This article was published by Vancouver Sun on April 5th, 2012. To see this article and other related articles on The Vancouver Sun website, please click here
Seniors in low-income bracket may need to turn to welfare, experts say
It’s unlikely changes to Old Age Security announced in the recent federal budget will convince anyone to work longer, experts say, but the same changes could force some seniors on to provincial welfare rolls if they turn 65 and are physically unable to keep working.
Those who are 50 years old or younger today will need to save an extra $13,000 in today’s dollars, just to catch up if they want to retire at age 65.
The government announced changes to the eligibility rules for Old Age Security and Guaranteed Income Supplement benefits by raising the age from 65 to 67. Today, the maximum OAS per year is $6,481, while the maximum GIS is $8,788, for people with no other income except OAS.
The government also proposes to allow Canadians the option of deferring their OAS benefits and receiving higher monthly benefits. For each month of deferral, the pension will rise 0.6 per cent; if the OAS is deferred for five years, the monthly benefit will rise 36 per cent. Using today’s dollars, that would make a difference of $2,333.16 per year or $194.43 per month.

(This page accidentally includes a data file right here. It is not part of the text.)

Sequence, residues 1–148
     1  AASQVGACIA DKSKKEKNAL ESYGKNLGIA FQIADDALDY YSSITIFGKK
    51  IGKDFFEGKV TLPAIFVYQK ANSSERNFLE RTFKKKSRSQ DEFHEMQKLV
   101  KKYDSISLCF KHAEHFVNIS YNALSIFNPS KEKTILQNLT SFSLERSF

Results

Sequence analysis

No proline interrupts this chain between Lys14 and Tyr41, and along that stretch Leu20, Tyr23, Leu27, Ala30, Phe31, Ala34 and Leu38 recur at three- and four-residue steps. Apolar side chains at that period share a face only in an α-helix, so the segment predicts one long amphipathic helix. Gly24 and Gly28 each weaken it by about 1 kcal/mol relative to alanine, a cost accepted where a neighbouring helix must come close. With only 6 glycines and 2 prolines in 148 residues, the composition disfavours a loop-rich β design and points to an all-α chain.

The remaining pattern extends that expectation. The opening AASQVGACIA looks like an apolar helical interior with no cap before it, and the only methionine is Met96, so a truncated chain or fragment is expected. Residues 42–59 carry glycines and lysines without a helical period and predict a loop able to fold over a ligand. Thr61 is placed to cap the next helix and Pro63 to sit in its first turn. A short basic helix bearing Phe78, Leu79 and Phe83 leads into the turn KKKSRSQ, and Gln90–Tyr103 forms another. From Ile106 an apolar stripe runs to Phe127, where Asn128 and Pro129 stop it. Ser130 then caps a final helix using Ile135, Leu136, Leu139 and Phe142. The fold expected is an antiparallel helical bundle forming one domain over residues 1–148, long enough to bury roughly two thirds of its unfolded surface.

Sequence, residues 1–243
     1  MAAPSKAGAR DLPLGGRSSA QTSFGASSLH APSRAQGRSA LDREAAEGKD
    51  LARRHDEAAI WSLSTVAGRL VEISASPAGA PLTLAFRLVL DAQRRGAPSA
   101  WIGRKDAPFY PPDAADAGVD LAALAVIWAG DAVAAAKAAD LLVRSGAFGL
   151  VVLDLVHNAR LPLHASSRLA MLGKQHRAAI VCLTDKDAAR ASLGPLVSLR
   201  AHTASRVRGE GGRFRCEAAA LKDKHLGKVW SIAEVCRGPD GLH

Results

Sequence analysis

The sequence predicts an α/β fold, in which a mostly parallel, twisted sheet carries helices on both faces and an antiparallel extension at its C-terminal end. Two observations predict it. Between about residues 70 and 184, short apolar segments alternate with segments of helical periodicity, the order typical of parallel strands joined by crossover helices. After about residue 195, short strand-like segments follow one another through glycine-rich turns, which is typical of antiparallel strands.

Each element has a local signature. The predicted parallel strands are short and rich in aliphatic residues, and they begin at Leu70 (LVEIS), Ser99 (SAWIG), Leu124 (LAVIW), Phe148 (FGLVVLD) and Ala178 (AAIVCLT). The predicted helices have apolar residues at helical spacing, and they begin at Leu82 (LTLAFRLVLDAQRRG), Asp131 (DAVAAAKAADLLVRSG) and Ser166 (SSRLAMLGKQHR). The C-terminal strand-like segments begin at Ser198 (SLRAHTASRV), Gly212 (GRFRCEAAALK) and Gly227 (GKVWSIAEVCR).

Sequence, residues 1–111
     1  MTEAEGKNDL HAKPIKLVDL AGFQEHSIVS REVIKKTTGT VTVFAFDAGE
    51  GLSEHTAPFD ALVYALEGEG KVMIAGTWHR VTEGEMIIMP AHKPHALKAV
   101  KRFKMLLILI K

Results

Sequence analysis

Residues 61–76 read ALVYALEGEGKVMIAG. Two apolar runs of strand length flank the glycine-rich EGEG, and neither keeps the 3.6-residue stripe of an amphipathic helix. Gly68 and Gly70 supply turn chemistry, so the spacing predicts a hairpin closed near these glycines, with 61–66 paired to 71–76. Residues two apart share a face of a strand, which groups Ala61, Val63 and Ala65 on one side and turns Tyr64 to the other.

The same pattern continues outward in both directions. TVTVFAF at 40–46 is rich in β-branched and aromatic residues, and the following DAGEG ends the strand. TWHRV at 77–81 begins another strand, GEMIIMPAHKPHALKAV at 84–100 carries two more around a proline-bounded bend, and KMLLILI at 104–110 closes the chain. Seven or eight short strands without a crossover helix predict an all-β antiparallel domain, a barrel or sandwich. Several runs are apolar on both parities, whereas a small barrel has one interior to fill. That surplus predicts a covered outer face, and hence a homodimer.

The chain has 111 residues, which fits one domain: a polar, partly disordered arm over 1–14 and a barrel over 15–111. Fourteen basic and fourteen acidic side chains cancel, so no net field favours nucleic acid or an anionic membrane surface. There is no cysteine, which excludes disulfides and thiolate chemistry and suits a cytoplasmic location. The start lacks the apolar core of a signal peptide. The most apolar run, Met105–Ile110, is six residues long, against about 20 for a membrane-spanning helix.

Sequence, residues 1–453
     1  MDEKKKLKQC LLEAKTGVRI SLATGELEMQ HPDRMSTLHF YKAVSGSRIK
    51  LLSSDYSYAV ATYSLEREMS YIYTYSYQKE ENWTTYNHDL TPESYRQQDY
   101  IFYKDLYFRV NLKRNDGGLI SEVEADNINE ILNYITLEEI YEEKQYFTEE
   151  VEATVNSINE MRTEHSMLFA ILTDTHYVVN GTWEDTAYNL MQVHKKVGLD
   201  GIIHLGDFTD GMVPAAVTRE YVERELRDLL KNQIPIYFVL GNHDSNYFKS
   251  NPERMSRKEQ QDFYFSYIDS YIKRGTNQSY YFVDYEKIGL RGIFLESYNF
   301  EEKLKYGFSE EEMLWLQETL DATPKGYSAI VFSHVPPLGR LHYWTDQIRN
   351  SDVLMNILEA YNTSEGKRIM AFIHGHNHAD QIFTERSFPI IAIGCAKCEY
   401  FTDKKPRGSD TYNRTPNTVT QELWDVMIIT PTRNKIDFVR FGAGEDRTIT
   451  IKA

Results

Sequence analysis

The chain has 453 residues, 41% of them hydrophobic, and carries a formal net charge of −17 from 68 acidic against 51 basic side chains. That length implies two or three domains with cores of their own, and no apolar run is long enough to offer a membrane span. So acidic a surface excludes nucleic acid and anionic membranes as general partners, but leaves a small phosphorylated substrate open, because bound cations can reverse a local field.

Under previous changes made to the Canada Pension Plan, if the same person were to defer their CPP for five years, the monthly payment would increase 42 per cent from today’s maximum of $986.67 to $1,401.07. By deferring both CCP and OAS to age 70, a person could potentially earn $608.83 more each month in today’s dollars.
Certified general accountant Bruce Hurst said it’s unlikely the changes to OAS alone would make anyone consider working longer. “If you want to work longer it’s usually because you enjoy working or the salary is high enough that it’s an incentive to keep working,” Hurst said. “The OAS decision, I don’t think, is a deal-breaker for anyone. Anybody who needs the money and qualifies for it, is going to take it as soon as they can.”
Hurst said if someone is still working and earning a good salary, it makes sense to defer the OAS, which would begin to be clawed back for anyone earning over $67,668 per year. With the CPP, it’s a different situation because CPP is not clawed back, although the extra income could affect some non-refundable tax credits and a person’s marginal tax rate.
“Take the CPP if you can. A bird in the hand is better than anticipating what the future might bring,” Hurst said. “I’ve seen so many people who retire, but then three or four years later, they die. They work all their lives, but they only receive three or four years of benefits.”
The changes to OAS will hurt those at the lower end of the income spectrum, and they may be forced on to welfare at age 65, said Susan Eng, vice-president for advocacy for CARP, a Canadian organization for older people. Those who have good, decent-paying jobs would likely keep working anyway, and the lack of $600 a month won’t change their minds, while those who have poor, physically draining jobs will be forced to either hang on an additional two years, or go on welfare, Eng said.